A birding pioneer
His name is attached to a number of birds, mainly found in the Americas, but Alexander Wilson’s roots are much closer to home
Scottish-born Alexander Wilson is renowned for his birding discoveries in the Americas
BORN IN PAISLEY on 6 July 1766, Alexander Wilson spent more than half his life in Scotland before leaving for the USA. Poet, naturalist and illustrator, he rose to become one of the leading lights in the history of ornithology. Baptised at the Laigh Kirk by the Reverend John Witherspoon (prophetically, a signatory of the US Declaration of Independence), Wilson was educated at Paisley Grammar School, but received only five years of formal education. His working life started at the tender age of 10 and, at the age of 13, he was apprenticed as a weaver. From an early age, he read widely, since the relatively high cultural standard of Paisley made books readily available.
He also frequently walked to nearby Lochwinnoch (now an RSPB reserve) to watch birds. Like many weavers, and inspired by the dialect verse of Robert Burns, who was only seven years older, Wilson developed a serious interest in poetry, writing ballads, pastoral pieces and satirical commentary on the conditions for weavers in the mills. His most famous narrative poem, Watty and Meg, published anonymously and attaining great popularity, was generally thought to be the work of Burns. However, the writing of a poem in 1792 of severe personal satire against a mill owner resulted in his arrest for libel. Wilson was sentenced to burn the work in public and imprisoned. Incarcerated again two years later, over the distribution of radical propaganda, Wilson finally felt there was scant reason to remain in his motherland. After his release, he emigrated to the USA with his nephew in May 1794, arriving in the city of New Castle, Delaware, on 14 July. Opportunities there were scarce for weavers, so Wilson turned to teaching in Pennsylvania and New Jersey, eventually settling into a position at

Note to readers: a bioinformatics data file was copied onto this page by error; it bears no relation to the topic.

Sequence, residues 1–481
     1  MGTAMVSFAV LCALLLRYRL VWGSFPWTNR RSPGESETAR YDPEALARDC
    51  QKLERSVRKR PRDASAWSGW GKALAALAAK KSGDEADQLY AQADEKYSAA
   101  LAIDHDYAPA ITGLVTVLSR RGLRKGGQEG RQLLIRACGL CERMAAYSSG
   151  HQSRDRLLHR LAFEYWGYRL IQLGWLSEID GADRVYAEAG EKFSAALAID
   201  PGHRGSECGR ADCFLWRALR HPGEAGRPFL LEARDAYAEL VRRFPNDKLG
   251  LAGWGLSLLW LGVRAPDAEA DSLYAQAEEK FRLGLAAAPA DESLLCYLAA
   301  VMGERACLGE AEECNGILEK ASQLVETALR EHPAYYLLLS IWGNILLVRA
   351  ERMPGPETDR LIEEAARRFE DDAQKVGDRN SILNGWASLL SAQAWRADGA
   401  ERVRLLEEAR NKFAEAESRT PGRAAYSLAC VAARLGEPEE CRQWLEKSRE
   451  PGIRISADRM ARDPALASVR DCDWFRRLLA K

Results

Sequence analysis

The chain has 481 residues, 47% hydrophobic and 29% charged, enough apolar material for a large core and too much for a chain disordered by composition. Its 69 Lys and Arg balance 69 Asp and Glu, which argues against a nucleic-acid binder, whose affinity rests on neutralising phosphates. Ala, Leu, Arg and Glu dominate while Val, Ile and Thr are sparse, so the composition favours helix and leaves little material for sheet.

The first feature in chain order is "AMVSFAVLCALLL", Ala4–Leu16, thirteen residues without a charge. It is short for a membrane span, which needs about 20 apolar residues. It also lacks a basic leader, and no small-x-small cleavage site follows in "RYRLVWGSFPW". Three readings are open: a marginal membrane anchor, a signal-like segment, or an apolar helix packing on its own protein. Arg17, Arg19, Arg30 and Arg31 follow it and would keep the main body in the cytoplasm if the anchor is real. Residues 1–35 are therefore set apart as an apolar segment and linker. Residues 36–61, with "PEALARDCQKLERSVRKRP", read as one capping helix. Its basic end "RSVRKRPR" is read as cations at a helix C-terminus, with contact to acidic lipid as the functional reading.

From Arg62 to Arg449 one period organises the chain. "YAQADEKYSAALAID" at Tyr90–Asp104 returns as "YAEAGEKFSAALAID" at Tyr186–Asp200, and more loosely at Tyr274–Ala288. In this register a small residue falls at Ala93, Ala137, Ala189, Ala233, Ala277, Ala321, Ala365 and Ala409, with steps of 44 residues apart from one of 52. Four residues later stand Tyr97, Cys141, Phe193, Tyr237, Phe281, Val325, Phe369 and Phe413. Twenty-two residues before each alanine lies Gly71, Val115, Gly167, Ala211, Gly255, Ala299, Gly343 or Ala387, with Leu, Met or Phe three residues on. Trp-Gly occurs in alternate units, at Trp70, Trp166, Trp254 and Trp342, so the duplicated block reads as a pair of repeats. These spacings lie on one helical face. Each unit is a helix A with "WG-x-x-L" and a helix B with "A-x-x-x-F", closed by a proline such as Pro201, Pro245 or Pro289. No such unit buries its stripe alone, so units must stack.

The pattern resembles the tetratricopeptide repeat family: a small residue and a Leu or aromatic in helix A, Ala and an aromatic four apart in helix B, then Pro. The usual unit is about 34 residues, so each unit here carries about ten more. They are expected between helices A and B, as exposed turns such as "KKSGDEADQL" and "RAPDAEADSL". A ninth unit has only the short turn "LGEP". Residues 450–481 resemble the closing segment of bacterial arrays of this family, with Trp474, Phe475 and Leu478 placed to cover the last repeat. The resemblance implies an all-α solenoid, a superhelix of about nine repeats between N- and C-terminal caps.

Gray’s Ferry, Pennsylvania, taking up residence in nearby Kingsessing. It was here in 1802 when Wilson met the famous naturalist William Bartram, who began to teach him the rudiments of ornithology and illustration. Resolving to publish a collection of illustrations of all the birds of North America, Wilson travelled widely, collecting, painting and securing subscriptions for his work, the nine-volume ‘American Ornithology’ (1808–1814), the last two volumes of which were edited and published posthumously. Of the 268 species of birds illustrated within, 26 had not previously been described. Never forgetting his mentorship, his magnum opus includes many references to Bartram and the area around Bartram’s Garden. From 1804 to 1813 Wilson collected and described birds from most of the states and territories in the USA. He classified species according to Linnaean taxonomy, helping to promote the adoption of the scientific method in the country. Additionally, he illustrated all the species he described, defying 18th Century conventions of biological illustration and striving for realistic depictions of birds in their respective
Think for thyself one good idea, but known to be thine own, is better than a thousand gleaned from fields by others sown Alexander Wilson
habitats. Always the pioneer, Wilson introduced a genuinely scientific approach to ornithology – observing species in the field, writing their descriptions and illustrating birds in poses to aid their identification. His work provided the blueprint for modern field guides. He used specimens to scrutinise their physical form, enabling him to illustrate the anatomical features of each species, an attention to detail unprecedented in bird illustrations at the time.